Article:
The Roman Painted House in Dover was built in AD 200 and is considered one of the best preserved of its kind after 40 years of excavation across ancient Dover. It was part of a large mansion or official hotel for travellers crossing the Channel and it stood outside the great naval fort of the Classis Britannica, but in AD 270 it was demolished by the Roman army during the construction of a larger fort. The long-lost Roman 'Saxon Shore' fort was found by the Kent Archaeological Rescue Unit in the 1970s and lies buried under modern Dover and a large section of its west wall, together with a major bastion, survive inside the Roman House cover building.
The burial by the Roman Army resulted in the unique survival of over 400 square feet of painted plaster, the most extensive ever found north of the Alps. Above a lower dado, of red or green, an architectural scheme of many coloured panels framed by fluted columns can be seen.  The columns sit on projecting bases above a stage, producing a clear 3-D effect. Parts of 28 panels survive, each with a motif relating to Bacchus, the Roman God of wine.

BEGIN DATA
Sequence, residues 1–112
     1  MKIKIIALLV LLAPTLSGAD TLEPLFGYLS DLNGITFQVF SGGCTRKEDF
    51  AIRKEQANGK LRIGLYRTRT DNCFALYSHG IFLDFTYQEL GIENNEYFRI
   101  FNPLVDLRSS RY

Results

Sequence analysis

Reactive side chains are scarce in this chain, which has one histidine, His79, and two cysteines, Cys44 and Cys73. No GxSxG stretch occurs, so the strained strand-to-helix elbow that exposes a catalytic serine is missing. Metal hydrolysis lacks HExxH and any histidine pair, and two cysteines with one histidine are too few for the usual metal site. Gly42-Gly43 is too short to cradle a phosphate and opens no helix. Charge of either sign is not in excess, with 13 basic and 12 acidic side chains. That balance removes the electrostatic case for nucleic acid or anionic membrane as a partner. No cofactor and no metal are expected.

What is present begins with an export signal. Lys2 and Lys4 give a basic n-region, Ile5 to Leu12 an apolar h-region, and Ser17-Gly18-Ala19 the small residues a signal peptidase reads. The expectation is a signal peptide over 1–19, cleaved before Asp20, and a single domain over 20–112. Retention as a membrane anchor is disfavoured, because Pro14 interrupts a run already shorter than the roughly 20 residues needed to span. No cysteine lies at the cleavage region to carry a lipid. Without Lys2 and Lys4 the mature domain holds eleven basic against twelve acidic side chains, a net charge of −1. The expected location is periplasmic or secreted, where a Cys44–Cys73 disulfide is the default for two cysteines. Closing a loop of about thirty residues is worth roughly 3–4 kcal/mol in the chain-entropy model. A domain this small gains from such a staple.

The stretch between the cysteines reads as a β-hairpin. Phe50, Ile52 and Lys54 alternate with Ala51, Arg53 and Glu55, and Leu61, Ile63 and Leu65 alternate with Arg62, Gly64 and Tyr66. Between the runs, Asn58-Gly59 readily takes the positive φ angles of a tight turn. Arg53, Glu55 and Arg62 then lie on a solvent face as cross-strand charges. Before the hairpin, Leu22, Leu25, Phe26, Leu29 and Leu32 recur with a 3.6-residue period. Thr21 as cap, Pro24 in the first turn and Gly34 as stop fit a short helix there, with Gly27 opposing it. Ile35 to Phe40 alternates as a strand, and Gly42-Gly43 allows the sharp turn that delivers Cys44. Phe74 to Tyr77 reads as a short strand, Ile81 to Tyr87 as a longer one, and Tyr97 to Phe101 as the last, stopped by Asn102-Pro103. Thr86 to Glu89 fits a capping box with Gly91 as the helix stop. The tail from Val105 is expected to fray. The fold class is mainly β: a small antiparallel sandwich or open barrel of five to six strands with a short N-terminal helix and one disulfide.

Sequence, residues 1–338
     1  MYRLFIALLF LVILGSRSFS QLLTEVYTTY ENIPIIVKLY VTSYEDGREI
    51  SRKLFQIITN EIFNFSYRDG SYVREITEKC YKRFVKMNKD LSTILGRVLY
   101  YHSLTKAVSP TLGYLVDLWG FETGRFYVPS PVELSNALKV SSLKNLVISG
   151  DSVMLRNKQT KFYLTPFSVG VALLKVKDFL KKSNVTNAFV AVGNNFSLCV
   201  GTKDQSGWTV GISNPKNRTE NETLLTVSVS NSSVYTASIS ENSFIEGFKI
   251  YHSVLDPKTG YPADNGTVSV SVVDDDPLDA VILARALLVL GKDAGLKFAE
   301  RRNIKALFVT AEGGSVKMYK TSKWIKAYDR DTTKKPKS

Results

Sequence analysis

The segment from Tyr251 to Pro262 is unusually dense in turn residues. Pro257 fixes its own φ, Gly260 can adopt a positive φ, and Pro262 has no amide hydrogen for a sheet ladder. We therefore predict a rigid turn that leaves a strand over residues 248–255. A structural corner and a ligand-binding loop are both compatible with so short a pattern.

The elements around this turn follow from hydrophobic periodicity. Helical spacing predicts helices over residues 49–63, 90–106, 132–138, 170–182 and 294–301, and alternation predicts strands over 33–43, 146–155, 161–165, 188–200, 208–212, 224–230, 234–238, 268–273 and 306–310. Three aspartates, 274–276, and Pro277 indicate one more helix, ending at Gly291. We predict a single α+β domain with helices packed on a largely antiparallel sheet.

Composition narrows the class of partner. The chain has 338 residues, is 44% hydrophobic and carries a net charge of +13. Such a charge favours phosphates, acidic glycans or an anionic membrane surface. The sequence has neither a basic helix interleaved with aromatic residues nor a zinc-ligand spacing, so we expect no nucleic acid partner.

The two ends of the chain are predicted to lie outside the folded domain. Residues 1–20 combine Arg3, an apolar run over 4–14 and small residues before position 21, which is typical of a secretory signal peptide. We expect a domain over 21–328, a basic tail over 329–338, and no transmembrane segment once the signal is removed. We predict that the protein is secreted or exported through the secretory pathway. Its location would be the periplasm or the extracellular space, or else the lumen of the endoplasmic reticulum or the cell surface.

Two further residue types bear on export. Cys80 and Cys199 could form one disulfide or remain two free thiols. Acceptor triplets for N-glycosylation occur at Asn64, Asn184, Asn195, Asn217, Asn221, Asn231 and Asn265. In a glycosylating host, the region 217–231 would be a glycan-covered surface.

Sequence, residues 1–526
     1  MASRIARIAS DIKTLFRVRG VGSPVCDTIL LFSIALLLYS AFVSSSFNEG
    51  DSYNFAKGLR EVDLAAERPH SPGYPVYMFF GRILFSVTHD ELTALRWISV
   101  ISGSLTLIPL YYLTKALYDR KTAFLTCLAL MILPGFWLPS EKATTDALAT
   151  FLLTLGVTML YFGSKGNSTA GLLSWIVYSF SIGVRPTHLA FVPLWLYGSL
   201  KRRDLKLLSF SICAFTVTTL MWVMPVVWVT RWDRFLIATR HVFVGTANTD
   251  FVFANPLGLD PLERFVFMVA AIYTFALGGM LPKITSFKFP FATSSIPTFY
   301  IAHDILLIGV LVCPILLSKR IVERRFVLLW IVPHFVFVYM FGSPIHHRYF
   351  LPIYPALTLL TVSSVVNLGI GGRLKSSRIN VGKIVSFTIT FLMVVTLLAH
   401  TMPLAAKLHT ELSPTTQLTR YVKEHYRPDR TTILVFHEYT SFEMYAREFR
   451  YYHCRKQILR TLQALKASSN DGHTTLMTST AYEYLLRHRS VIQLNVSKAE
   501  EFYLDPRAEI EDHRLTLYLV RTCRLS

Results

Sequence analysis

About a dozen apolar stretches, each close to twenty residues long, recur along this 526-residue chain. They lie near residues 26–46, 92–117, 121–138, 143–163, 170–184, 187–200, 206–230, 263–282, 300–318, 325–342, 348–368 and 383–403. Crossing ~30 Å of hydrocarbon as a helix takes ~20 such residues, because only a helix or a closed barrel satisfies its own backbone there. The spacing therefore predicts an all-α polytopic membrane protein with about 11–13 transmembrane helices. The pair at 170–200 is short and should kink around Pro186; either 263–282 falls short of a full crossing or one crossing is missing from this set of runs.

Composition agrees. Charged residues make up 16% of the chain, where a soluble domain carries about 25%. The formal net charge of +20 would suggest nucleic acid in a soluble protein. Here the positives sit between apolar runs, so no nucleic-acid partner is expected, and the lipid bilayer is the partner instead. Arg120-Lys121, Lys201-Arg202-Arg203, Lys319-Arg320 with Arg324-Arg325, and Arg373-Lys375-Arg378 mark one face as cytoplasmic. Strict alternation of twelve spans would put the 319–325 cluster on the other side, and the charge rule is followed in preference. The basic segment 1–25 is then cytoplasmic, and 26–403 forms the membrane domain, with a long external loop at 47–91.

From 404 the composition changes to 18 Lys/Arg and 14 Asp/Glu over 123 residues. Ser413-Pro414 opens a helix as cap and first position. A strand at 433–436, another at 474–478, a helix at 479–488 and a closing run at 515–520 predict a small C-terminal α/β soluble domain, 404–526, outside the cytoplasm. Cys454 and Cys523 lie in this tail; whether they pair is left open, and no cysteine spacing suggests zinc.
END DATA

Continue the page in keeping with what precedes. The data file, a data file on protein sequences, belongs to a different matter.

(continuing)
Opening Hours
Tuesday, Thursday and Saturday

Dover Priory.

Advisory Notes
The museum is run by volunteers, it is recommended you call to ensure the venue is open prior to visiting.

Picture Credit: © Kent Archaeological Rescue Unit.

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